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A real-life ‘Survivor’
MARK YLEN/For the Gazette-Times
Grand Marshal Jennifer Lyon and her mother, Jane Lyon, start down Albany’s Fourth Avenue to lead Saturday’s 11th annual Walk for the Cause. Lyon, one of the stars of “Survivor: Palau,” was diagnosed with breast cancer at age 33, two months after finishing shooting for the show.

An Oregon-born actress and breast cancer patient leads Walk for the Cause in Albany

By the Gazette-Times

ALBANY - The word "survivor" has taken on a whole new meaning for Jennifer Lyon.

The Oregon-born actress, who was among the stars of the television show "Survivor: Palau," served as the grand marshal for the 11th annual Walk for the Cause, a breast cancer fund-raiser held Saturday in Albany.

Lyon, who grew up in The Dalles, wrapped up shooting for the show in May 2005. Two months later, at age 33, she was diagnosed with stage 3 breast cancer.

"No more blond hair," she said, grinning at about a thousand walkers listening on the sidewalk below the Linn County Courthouse. "That's 'cause it all came out, and it came back much darker, and curly."

When cancer strikes, Lyon said, it's important to keep an upbeat attitude and be as supportive as possible.

"It's something that's going to happen to someone we know," she said. "There is no reason we can't get through it."

A record number of participants turned out for this year's walk, and so far it looks like the money raised will be a new record, too, said Lynn Hubert, co-chairwoman of the walk.

"We took in close to $30,000 just today," she said. "After we pay our bills and everything, we hope to clear close to $60,000. That's what we're shooting for."

The total raised comes from team and sponsor fees taken in before the walk itself, Hubert said. Last year's total was closer to $55,000.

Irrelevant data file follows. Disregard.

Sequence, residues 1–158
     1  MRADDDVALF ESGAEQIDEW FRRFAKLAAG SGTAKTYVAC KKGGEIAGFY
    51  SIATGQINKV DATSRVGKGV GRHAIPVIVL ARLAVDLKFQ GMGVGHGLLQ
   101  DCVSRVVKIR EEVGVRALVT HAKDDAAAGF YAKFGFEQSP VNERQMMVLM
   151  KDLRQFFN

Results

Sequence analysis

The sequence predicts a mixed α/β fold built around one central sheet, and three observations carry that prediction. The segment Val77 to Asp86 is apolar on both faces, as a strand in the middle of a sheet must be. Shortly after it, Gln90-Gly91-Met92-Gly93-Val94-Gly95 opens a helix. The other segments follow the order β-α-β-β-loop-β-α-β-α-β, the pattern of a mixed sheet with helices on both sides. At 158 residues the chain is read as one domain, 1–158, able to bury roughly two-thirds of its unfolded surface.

Proceeds go to community health care agencies in the mid-valley to help with the detection and treatment of breast cancer, and to provide support services for women hit by other diseases.

Most walkers Saturday wore pink, the official color for breast cancer research support, and carried pink balloons.

Members of the Bussard and Sons Canvas Works team chose pink netting wrapped around shiny black plastic bowler hats.

Team members said they come to support three breast cancer survivors at their office: Pam Harris, Joyce Ammon and Jerry Nicholson.

Betty Lazon, a heart attack victim, said she planned to use the day to talk about other health issues, too, particularly heart disease.

"Nobody cares about us, and we're the number one killer!" she quipped. "But I'm wearing pink today."

"I think there's a bigger issue, because we know we're all at risk for this disease," said team member Pam Dunn, noting that the most recent research indicates one woman out of every eight will be diagnosed with breast cancer.

"It's not just about one person getting the disease," she said. "It's about all of us needing to do something together as women."

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